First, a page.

40 Weil v. Lesser (City Court of N. Y., Meyer, J.), 115 Misc, 241, 189 N. Y. Supp. 655.

41 Chap. 434, Laws of 1921, $ 1.

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The landlord, therefore, it would seem, in the event that his action is brought to recover rent accruing under an agreement express or implied may, nevertheless, at the trial demand the recovery of the "fair and reasonable rent” for the premises, where the defense of unreasonable and unjust rental and oppressive agreement as set forth in subsection one of the act 42 is interposed by the tenant. The landlord may in his action ask a recovery for the rent agreed upon by the tenant and if that be found unjust and unreasonable, may then ask in that action, if he chooses, a recovery of a "reasonable rent.'

If, however, the landlord chooses in such action to rely upon his pleading to recover on the agreement and not ask for a recovery on the basis of a reasonable rent, and the tenant then succeeds in establishing his defense that the rent is unjust, unreasonable and oppressive, the judgment or final order should be in the defendant's or tenant's favor. This judgment would not, however, preclude the landlord from bringing and maintaining a new action to recover a reasonable rent. The earlier judgment would merely be a decision that the rent under the agreement as claimed by the landlord was unreasonable and unjust. 429

If the tenant on the trial makes out a prima facie case under the statute so that the statutory presumption becomes operative and effective, the landlord should be asked by the court whether he desires the court or jury, as the case may be, to make the finding as to what is a reasonable rent, in the event the finding should be that the rent claimed under the agreement is unreasonable. Otherwise it may be claimed that the evidence offered by the landlord was offered merely to overcome the presumption and not to establish affirmatively a claim based on a reasonable rent. If the record fails to show that the landlord has made his election to have a finding of what is the reasonable rent, should the finding be against him on the rent sued for under the agreement, the judgment may not be res adjudicata on the question of reasonable rent.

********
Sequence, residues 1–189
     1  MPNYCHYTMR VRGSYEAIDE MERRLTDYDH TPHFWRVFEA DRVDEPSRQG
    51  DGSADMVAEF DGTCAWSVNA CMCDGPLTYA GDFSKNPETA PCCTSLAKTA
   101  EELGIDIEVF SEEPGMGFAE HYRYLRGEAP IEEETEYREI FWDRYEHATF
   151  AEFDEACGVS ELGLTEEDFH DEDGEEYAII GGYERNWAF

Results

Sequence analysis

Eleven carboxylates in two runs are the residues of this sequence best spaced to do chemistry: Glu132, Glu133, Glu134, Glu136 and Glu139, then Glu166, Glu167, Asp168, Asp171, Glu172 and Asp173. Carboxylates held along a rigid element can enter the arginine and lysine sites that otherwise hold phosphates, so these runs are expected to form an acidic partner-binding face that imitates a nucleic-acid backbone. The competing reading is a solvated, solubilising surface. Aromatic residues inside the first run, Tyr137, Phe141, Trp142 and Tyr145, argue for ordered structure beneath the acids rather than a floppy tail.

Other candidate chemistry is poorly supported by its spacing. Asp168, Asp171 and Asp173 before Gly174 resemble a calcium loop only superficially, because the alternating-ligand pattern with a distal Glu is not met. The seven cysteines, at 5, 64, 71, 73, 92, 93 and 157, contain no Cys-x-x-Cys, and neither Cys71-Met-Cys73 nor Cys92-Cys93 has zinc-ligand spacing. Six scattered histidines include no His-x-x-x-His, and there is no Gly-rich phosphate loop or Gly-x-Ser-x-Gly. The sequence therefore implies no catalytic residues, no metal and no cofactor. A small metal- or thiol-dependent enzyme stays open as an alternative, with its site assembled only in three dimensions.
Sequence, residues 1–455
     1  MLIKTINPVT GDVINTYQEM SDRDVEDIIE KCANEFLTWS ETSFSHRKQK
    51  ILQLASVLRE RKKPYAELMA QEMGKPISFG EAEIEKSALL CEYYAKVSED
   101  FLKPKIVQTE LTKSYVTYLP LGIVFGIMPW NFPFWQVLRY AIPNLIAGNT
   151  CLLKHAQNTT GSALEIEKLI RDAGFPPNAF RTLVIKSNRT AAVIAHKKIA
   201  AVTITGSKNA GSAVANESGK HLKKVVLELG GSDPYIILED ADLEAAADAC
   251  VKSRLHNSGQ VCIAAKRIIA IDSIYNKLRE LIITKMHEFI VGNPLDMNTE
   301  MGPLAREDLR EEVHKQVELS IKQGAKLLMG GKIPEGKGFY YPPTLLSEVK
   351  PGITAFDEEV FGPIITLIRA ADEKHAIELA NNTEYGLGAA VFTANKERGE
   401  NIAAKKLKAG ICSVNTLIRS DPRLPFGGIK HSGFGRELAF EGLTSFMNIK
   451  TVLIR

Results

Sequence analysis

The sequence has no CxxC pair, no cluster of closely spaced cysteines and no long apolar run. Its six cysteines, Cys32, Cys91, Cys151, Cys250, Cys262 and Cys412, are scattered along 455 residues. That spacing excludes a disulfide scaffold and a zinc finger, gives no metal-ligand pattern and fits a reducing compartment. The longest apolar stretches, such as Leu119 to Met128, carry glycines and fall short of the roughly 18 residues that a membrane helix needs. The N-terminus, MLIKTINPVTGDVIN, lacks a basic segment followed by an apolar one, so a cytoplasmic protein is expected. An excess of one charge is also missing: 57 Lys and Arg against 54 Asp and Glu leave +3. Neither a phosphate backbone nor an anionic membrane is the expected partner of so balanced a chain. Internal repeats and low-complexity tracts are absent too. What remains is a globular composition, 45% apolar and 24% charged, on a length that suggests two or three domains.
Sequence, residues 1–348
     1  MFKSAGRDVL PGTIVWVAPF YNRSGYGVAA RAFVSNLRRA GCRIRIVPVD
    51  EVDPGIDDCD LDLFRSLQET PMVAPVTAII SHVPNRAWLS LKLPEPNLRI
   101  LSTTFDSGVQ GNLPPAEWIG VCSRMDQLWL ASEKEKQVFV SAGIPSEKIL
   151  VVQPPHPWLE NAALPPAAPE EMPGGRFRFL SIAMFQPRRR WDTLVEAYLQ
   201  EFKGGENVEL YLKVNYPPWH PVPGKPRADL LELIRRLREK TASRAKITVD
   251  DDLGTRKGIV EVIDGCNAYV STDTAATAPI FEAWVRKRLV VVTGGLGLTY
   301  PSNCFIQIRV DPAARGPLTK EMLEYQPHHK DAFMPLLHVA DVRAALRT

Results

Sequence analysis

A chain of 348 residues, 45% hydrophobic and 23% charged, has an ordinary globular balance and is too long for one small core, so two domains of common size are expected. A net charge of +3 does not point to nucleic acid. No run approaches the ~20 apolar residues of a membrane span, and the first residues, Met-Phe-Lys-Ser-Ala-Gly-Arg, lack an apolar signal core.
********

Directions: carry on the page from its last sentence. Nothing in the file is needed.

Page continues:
12 Chap. 944, Laws of 1920, as amended by Chap. 434, Laws of 1921, $ 1. 42a See Paul v. Rothberg (App. Term, 1st Dept.), 188 N. Y. Supp. 126.

REASONABLE RENT IN SUMMARY PROCEEDINGS It should be noted, however, that in a summary dispossess proceeding based upon non-payment of rent, where the rent unpaid is rent under an agreement and the statutory defense is interposed that the rent is unreasonable and unjust and the agreement oppressive, the court has power given it by statute to adjudicate a reasonable rental. This power, in the case of a summary proceeding, is conferred by a special provision of law which we have heretofore considered. This provision is to the effect that if a defense of any kind is set up and established in a summary proceeding, the court "shall ... determine the amount of rent due ... or make such other proper disposition as shall determine the rights of the parties."